As a member of the jury hearing the 2010 headline-making murder trial of Michiel Oakes - accused of shooting dog-trainer-to-the-stars Mark Stover in a love/hate triangle - teenager Caleb Chase sent out a tweet from his smartphone: "Wow. Sitting in the jury duty room listening to people casually having a conversation about new age rituals and no clue what to say."
Papers were filed in Skagit County last month alleging Chase's 20 jury tweets during the trial violated Oakes' right to due process and a fair and impartial jury. Though other social media issues have been argued before on appeal, this is thought to be the first Twitter appeals case in state history.
As retired Chief Justice Gerry Alexander tells us, "During the 17 years I served on the Supreme Court of Washington, the court was never confronted with a case where a juror was tweeting during a time when the juror was empaneled."
Social media are having a growing impact on court cases here and elsewhere, says legal expert Eric Robinson. "Most states have updated their jury instructions to tell jurors not to use the Internet or social media," says Robinson; yet that's not being done on a regular basis in Washington.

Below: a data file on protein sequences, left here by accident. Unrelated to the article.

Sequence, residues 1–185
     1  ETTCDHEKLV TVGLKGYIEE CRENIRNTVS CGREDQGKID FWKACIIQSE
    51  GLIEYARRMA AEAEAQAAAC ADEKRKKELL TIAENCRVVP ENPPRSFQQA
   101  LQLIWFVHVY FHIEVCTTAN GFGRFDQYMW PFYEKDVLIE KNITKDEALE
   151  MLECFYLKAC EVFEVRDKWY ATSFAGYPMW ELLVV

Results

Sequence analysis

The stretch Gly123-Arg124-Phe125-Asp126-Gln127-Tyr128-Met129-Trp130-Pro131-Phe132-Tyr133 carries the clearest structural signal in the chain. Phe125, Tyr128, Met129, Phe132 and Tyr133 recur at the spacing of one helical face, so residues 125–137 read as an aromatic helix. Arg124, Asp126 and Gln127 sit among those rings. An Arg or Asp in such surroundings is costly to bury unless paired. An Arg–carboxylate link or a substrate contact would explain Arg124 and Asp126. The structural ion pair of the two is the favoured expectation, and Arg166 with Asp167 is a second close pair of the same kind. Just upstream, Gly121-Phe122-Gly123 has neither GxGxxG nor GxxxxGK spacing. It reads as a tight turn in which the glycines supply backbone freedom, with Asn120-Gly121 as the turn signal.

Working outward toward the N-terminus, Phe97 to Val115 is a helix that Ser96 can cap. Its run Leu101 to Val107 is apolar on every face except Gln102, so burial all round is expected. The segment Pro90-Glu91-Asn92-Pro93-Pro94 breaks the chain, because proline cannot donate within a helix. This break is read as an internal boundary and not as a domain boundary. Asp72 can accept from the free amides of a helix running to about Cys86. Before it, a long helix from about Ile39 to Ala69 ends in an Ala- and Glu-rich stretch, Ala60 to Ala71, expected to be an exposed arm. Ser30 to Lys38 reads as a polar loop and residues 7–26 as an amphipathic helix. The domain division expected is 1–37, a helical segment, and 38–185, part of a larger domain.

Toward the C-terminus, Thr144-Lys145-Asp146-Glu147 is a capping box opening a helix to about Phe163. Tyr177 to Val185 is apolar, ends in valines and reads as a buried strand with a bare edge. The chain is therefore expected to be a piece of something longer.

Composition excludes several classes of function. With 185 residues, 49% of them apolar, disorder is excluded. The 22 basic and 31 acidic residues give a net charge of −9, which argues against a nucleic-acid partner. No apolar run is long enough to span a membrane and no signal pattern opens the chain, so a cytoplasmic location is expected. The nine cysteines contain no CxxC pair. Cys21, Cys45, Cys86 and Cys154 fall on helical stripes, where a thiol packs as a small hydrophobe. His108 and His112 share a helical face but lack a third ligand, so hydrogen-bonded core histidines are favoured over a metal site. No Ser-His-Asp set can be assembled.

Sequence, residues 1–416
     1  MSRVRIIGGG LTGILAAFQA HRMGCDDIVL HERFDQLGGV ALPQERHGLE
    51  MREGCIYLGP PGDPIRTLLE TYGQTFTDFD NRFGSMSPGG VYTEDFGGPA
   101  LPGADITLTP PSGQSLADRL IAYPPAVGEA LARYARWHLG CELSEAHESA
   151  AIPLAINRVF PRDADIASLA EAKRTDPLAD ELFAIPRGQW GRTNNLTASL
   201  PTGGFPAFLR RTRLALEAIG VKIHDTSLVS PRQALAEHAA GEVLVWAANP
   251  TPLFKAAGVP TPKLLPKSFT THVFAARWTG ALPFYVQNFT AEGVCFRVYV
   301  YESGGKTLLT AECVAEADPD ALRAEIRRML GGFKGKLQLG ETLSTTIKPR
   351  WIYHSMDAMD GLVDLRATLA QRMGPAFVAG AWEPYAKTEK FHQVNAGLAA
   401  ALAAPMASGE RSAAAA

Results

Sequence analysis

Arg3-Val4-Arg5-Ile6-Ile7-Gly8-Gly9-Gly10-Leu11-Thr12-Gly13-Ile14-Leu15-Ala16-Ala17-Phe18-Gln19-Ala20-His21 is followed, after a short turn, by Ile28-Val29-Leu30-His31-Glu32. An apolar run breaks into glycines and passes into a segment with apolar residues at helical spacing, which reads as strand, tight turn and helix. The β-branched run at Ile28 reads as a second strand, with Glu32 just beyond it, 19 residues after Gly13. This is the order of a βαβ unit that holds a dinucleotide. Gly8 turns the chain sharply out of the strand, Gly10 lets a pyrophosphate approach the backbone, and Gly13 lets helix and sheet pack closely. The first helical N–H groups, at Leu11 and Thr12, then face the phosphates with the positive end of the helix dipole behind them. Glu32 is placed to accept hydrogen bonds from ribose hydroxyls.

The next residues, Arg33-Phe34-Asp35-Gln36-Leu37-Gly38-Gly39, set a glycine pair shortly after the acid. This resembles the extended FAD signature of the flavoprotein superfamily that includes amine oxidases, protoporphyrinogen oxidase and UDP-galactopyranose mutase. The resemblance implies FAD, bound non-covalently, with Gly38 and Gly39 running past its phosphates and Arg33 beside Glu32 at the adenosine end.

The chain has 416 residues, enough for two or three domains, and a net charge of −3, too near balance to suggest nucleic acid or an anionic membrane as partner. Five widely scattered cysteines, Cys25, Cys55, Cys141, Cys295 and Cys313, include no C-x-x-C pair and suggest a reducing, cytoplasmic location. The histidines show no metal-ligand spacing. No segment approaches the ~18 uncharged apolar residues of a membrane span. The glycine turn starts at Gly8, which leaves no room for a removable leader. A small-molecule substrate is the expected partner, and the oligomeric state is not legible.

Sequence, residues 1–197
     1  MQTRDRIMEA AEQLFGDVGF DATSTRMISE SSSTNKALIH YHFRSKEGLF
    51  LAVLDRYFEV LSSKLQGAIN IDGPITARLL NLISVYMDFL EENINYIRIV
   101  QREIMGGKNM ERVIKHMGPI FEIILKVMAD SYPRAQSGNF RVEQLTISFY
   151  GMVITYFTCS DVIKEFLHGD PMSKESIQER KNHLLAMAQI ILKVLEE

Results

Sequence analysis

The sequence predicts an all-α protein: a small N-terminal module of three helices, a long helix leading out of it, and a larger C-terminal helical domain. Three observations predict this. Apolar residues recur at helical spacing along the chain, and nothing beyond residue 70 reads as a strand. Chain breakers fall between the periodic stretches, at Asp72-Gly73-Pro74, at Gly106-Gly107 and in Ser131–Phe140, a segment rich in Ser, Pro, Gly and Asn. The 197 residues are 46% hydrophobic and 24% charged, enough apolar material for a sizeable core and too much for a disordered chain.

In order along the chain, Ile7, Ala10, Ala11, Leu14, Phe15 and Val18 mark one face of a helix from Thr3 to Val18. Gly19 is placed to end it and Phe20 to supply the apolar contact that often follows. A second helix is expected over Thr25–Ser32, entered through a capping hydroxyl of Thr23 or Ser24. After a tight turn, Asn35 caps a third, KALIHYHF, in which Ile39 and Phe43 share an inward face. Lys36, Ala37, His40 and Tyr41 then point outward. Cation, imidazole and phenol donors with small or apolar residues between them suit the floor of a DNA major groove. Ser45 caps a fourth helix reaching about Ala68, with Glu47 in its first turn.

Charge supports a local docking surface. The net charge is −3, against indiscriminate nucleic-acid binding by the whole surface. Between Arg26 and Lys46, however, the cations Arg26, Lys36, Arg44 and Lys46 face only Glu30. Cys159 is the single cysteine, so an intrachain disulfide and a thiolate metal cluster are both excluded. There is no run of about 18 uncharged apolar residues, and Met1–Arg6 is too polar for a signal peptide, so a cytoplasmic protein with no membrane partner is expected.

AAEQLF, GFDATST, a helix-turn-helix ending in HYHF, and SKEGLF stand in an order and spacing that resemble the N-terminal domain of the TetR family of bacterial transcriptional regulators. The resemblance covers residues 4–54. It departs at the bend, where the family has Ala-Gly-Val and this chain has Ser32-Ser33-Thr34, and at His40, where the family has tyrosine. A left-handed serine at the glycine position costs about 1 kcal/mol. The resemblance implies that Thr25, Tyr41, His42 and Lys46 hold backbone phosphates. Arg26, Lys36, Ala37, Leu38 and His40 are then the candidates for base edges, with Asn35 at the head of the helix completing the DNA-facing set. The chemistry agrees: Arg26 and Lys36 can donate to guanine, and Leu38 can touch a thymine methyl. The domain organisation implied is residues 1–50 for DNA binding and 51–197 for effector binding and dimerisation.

Oakes is currently under a 26-year-sentence at the state penitentiary in Walla Walla for killing Stover at his Anacortes home in 2009. The subsequent trial was followed closely by U.S. television and newspapers who labeled Stover "Seattle's Dog Whisperer."
His psychological kinship with animals (he trained the dog to behave, then the owner), had brought him fame and fortune and such clients as Starbucks' Chair Howard Schultz, musician Eddie Vedder and baseball player Ichiro Suzuki.
But it was untamed human relationships that led to his demise. Linda Opdycke, daughter of the co-founder of the Ste. Michelle Winery and Stover's wife of three years, divorced him, then accused him of stalking her. Oakes, Opdycke's lover and bodyguard, ended up killing him, unsuccessfully claiming self-defense.
Does Oakes' "Twitter defense" have a chance of succeeding? Experts aren't sure. It's a relatively new legal tactic, though there's now a precedent of sorts: Last December, the Arkansas Supreme Court reversed a murder conviction in a 2010 case because of a juror's tweets.
It's not binding on Washington law, but is seen as an important finding: The defendant in that case was on death row.